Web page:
2022 Harvest Time Parade
2022 AOP Harvest Time Parade Results
Best entry by a business – Martin & Co.
Best use of festival theme – Oregon FFA
Best float – Nelson Farms/Wesley 1895
Best animal unit – Ogle County 4-H Horse Drill Team
Scout/Youth – Girl Scouts
4-H Group – Blackhawk Crossing 4-H Club
Color Guard – Oregon VFW Post #8739/Oregon American Legion Post #97
Sr. High Pompon – Oregon Cheerleaders
Queen – Ogle County Fair Queen
Antique tractor – Ogle County Farm Bureau
Jr. High Band Performance – Oregon 7th & 8th-grade band
Sr. High Color Guard – Amboy High School
Sr. High Drum Line – Lena Winslow High School
Sr. High Drum Major – Dakota High School
Sr. High Band Performance – Dakota High School
Best of Show – Nelson Farms/Wesley 1895
LOCATION: Downtown Oregon, IL
BUSINESS ENTRY FEE: $50 for each unit
NOT-FOR-PROFIT entry no charge
If you're interested in submitting an entry, please click here.
For more information, contact Destini Benesh
email: firstname.lastname@example.org or call: 217-433-1729
Units of Honor
Ganymedes and Pegasus Special Riders
The Ganymedes have been ambassadors for the City of Oregon as they travel throughout the Midwest playing at historic towns, museums and festivals and have developed a reputation as one of the better vintage base ball clubs in the country. Their home games are played Sunday afternoons from May until August on the lawn of the Chana School Museum at Oregon Park East.
The club is made up of players from all occupations that have ties to the Oregon community. They range in age from twenties to sixties. Over 80% of the team graduated from Oregon High School and all have learned to master the bare-handed skills and quirky rule differences needed to play vintage ball.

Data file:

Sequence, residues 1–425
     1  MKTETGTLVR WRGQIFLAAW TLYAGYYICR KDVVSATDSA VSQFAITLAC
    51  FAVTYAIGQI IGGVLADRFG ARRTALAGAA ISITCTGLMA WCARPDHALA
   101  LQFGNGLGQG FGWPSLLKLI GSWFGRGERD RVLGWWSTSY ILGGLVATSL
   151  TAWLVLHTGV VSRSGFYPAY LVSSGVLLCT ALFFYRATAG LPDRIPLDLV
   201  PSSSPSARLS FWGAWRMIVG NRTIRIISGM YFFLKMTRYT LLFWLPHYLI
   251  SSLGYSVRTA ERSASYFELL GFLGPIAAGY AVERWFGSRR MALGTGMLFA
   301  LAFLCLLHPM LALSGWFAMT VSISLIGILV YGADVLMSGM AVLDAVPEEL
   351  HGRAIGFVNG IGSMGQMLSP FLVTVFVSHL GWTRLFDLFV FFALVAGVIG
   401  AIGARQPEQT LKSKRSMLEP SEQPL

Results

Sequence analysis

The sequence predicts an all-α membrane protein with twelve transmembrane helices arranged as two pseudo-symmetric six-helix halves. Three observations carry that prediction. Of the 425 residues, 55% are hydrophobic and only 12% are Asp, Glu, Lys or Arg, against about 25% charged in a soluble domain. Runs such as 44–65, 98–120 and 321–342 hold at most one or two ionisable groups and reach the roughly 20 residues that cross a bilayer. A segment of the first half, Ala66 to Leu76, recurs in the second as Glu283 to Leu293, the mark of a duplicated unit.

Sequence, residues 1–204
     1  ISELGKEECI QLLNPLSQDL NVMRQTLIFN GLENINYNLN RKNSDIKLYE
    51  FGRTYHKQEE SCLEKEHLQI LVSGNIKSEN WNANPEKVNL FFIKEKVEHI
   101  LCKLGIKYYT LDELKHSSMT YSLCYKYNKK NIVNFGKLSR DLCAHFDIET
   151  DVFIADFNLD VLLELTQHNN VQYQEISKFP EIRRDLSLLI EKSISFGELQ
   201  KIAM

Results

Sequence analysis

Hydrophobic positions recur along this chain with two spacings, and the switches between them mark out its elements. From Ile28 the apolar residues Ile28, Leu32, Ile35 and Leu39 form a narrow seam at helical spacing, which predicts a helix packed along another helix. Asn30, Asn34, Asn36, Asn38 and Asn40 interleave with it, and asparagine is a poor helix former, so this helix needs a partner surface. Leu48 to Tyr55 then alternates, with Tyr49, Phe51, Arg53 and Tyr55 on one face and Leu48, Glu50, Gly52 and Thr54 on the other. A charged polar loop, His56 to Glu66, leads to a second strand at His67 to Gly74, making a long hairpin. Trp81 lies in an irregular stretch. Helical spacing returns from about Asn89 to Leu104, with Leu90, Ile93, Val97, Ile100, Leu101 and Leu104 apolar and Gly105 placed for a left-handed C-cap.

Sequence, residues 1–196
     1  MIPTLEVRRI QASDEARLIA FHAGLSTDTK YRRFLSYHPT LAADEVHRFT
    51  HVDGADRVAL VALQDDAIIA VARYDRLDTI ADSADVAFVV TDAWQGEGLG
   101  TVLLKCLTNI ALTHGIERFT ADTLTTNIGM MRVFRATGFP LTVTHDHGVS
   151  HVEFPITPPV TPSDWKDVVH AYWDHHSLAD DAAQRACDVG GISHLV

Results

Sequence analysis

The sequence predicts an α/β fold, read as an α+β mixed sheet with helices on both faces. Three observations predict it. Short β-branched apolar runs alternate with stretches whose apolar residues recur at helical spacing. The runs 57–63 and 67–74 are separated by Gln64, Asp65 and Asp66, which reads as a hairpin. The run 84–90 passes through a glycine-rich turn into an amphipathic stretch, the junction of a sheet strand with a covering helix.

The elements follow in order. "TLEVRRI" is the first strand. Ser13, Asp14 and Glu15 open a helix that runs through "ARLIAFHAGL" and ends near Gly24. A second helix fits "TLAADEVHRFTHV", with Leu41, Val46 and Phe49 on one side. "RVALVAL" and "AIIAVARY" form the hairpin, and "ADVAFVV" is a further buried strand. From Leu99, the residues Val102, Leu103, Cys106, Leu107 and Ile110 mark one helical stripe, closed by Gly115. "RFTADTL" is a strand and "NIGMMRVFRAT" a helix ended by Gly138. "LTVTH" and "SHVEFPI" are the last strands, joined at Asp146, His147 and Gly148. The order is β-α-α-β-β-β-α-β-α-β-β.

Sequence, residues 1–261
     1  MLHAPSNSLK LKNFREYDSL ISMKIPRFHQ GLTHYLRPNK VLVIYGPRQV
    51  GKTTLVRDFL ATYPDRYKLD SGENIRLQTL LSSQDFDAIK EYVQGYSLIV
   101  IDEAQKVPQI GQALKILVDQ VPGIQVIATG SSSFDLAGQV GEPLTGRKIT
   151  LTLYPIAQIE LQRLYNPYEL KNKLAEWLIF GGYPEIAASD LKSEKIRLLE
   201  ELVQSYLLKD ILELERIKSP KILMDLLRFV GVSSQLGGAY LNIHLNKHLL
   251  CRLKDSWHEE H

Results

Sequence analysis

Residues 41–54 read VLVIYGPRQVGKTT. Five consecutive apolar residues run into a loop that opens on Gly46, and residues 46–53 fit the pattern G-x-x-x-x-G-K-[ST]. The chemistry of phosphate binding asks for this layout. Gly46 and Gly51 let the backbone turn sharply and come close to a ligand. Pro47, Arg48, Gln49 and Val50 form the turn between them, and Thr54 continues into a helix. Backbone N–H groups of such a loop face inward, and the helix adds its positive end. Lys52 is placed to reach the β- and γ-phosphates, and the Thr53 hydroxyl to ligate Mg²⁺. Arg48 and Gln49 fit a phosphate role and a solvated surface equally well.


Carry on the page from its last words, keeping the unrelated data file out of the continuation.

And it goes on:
During this year’s 2022 season, the club traveled to several unique away venues that included the Field of Dreams Movie Site in Dyersville, Iowa, Estabrook Park & Beer Garden in Milwaukee, Wisconsin, Mt. Assisi Convent in Lemont, Illinois and Cantigny Park in Wheaton, Illinois.
The Ganymedes were also invited to the World Tournament of Historic Base Ball event at The Henry Ford Museum of American History Greenfield Village in Dearborn, Michigan which is held in mid-August. This was the seventh time that the Oregon club has been invited to this prestigious 12-team tournament that features the best vintage base ball clubs from five states. This is an extremely competitive event that attracts thousands of spectators and is the highlight of the club’s season.
So, what is a Ganymede? The name Ganymede was first linked to the City of Oregon when the famous journalist Margaret Fuller visited Oregon in 1843. During the city’s 4th of July celebration, she observed an eagle drinking from a spring on the bank of the Rock River and authored the poem “Ganymede to His Eagle” which was published nationally. Ganymede Spring and the City of Oregon became a tourist attraction. According to Greek mythology, Ganymede was a youth that was carried off by an eagle to Mt. Olympus to become the cup bearer to the gods.
To learn more about the sport of vintage base ball, check out the Vintage Base Ball Association at vbba.org. For more information about the club, visit the Oregon Ganymedes Base Ball Club Facebook page.
The Oregon Ganymedes Vintage Base Ball Club will serve as the Unit of Honor at the 2022 Harvest Time Parade. This all-volunteer educational outreach program of Oregon's not-for-profit Chana School Museum has been playing 1858 to 1867 vintage rules base ball (it was two words then) games for the public since 2005. To date, the club has played over 240 games against forty-eight different vintage clubs from seven states.
Vintage base ball teams play by the earliest rules of “America’s pastime” when players did not use gloves, teams wore wool uniforms and played a faster-paced gentleman’s game.
“We play baseball the way it was meant to be played,” said Ganymedes Captain, Mark Herman. “It was a game designed for exercise and plenty of exciting action for both the players and spectators…the rules of baseball have changed and evolved over the years from when it first started in the mid-1800’s”, Herman said.
Pegasus Special Riders, a nonprofit therapeutic riding center, located in Ogle County, has also been chosen as one of this year's Unit of Honors at this year’s Harvest Time Parade—just in time for its 25th anniversary.
“We are very honored to be recognized by the Autumn on Parade festival,” said Donna Fellows, Pegasus’ board of director’s president. “We are looking forward to seeing everyone during the parade.”
Fellows helped re-establish Pegasus in 1996 by overseeing the therapeutic horseback riding program and the purchase and development of the land on Carthage Road, southeast of Oregon.